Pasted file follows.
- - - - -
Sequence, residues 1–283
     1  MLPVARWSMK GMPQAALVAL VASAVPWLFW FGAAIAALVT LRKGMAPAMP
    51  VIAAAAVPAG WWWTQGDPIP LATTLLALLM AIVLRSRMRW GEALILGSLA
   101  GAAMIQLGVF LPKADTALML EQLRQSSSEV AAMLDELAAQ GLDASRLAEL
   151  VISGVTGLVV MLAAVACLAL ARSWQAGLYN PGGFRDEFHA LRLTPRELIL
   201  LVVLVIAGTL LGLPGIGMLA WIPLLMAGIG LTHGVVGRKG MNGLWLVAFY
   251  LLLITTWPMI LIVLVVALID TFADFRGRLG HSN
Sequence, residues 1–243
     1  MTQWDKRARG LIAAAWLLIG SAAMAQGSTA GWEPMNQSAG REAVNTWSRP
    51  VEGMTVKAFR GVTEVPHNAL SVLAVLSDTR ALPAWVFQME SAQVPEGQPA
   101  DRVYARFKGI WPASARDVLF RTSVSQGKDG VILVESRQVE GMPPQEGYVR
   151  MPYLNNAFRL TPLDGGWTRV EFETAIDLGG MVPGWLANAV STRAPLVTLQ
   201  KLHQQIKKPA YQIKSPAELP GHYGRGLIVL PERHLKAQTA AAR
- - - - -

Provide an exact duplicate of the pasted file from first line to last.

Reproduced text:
Sequence, residues 1–283
     1  MLPVARWSMK GMPQAALVAL VASAVPWLFW FGAAIAALVT LRKGMAPAMP
    51  VIAAAAVPAG WWWTQGDPIP LATTLLALLM AIVLRSRMRW GEALILGSLA
   101  GAAMIQLGVF LPKADTALML EQLRQSSSEV AAMLDELAAQ GLDASRLAEL
   151  VISGVTGLVV MLAAVACLAL ARSWQAGLYN PGGFRDEFHA LRLTPRELIL
   201  LVVLVIAGTL LGLPGIGMLA WIPLLMAGIG LTHGVVGRKG MNGLWLVAFY
   251  LLLITTWPMI LIVLVVALID TFADFRGRLG HSN
Sequence, residues 1–243
     1  MTQWDKRARG LIAAAWLLIG SAAMAQGSTA GWEPMNQSAG REAVNTWSRP
    51  VEGMTVKAFR GVTEVPHNAL SVLAVLSDTR ALPAWVFQME SAQVPEGQPA
   101  DRVYARFKGI WPASARDVLF RTSVSQGKDG VILVESRQVE GMPPQEGYVR
   151  MPYLNNAFRL TPLDGGWTRV EFETAIDLGG MVPGWLANAV STRAPLVTLQ
   201  KLHQQIKKPA YQIKSPAELP GHYGRGLIVL PERHLKAQTA AAR